Fresh calls to axe Scottish exams 'in full' next summer

The Scottish Government is facing renewed calls to cancel the Highers and Advanced Highers next year after Wales today scrapped its entire exams diet.

John Swinney is being urged to axe Scots exams "in full."
John Swinney is being urged to axe Scots exams "in full."

The Scottish Greens have said the existing “halfway house” situation in Scotland is no longer sustainable after John Swinney recently announced the National 5 exams would not take place, with classroom assessment instead used to assess grades. But Highers and Advanced highers exams would still be held.

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Welsh education minister Kirsty Williams announced today the GCSE AS and A-levels exams had been cancelled next summer, with grades instead allocated on the basis of teacher assessment.

Greens education spokesman Ross Greer said: “The Welsh Government has taken the only responsible approach by cancelling all 2021 exams. It’s not fair to ask pupils who have missed weeks of class time to sit an exam next May on the same basis as those who have been fortunate enough to avoid any disruption.

“The Scottish Government has so far opted for a bizarre halfway house by cancelling Nat 5 exams, but pressing ahead with Highers and Advanced Highers. It’s becoming increasing clear that this is a mistake which John Swinney should correct immediately.

“The only reliable solution is to cancel the 2021 exams now and grade Highers and Advanced Highers on the same basis as National 5s.

“Assessment based on work throughout the year can take into account whether a pupil has missed substantial periods of time due to self-isolation and removes entirely the risk of exams being cancelled at the last minute, as they were this year.”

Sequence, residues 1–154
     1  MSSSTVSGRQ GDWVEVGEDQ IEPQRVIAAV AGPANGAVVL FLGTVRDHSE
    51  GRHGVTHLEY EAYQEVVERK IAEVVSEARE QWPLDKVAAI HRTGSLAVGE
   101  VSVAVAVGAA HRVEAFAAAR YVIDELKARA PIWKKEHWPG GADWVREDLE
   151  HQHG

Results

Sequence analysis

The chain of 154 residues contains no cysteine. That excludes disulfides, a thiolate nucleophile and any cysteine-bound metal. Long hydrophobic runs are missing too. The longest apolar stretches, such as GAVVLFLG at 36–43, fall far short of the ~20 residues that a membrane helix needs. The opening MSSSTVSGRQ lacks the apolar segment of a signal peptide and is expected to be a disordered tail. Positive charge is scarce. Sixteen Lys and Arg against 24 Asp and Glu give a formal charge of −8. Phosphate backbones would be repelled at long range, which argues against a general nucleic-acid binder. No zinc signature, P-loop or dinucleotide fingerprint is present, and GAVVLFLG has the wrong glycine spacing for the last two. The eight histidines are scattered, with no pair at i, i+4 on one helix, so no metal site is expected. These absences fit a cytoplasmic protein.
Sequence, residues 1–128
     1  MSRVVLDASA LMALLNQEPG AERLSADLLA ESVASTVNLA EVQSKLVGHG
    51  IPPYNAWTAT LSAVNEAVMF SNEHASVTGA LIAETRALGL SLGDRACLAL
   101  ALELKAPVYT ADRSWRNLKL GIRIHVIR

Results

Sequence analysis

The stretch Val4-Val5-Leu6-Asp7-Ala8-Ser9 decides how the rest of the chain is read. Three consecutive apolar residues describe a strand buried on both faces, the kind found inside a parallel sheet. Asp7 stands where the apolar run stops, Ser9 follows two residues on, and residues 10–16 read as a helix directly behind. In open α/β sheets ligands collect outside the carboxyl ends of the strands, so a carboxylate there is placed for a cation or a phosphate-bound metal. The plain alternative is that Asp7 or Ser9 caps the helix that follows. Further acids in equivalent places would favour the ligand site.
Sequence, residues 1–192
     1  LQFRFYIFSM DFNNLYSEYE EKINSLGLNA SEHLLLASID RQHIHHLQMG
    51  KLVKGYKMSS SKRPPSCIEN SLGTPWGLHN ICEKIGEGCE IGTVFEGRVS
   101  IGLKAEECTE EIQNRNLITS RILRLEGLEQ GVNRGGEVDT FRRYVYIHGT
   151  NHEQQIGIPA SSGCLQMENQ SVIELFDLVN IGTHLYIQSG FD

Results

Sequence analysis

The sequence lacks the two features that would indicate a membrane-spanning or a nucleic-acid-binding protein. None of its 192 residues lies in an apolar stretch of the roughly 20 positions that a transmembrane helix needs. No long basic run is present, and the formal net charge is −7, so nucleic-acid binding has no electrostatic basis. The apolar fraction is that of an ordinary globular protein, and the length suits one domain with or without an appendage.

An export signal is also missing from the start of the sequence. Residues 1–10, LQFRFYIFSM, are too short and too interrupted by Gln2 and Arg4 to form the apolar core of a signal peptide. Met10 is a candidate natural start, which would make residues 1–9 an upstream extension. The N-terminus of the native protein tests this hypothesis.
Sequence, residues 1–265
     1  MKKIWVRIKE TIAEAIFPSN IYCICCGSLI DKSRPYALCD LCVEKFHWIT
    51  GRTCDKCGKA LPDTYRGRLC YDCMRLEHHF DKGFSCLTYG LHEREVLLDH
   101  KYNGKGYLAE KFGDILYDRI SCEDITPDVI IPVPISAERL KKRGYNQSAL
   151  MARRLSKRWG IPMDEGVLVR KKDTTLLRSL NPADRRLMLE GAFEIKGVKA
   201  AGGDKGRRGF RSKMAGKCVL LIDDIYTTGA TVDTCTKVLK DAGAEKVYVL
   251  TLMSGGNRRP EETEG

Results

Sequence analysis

Mr Swinney was stung by criticism earlier this year of a system of teacher assessment that was adopted as a result of the exams diet being cancelled in Scotland because of the pandemic.

Many grade estimates allocated by teachers were then overturned by of a controversial “moderation” system, which was implemented by the Scottish Qualifications Authority (SQA) and took into account the historic results of schools.

This was subsequently axed by ministers when it emerged that youngsters from more underprivileged areas were the most likely to be “marked down” by the system.

But a leading Scots parents group urged Mr Swinney not follow the example of Wales.

Jo Bisset, organiser for UsForThem Scotland, said: “Parents know that governments across the UK look to each other and often replicate decisions during this pandemic.

“But the Scottish Government should resist the temptation to follow Wales in cancelling exams outright.

“It’s bad enough that tens of thousands of National 5 pupils will miss out on exams without jeopardising the prospects of others too.

“We’ve had encouraging news this week with the progression of a vaccine, and the Scottish Government should amend its outlook accordingly.

“We’d like to see the education secretary stand up and pledge to parents that Highers and Advanced Highers will definitely go ahead.

“We also believe teachers – without whom schools wouldn’t be able to function during this crisis – should be among the first to be offered a vaccine as and when it becomes available.”

A Scottish Government spokeswoman said replacing National 5’s made space in the timetable to push the Higher and Advanced Higher exams back until May, which made up some of the lost learning time.

She added: “We will continue to closely monitor public health advice and review arrangements if necessary, with key check-points up to the February break. Clear contingency plans are being developed should the exams have to be replaced for public health reasons.”

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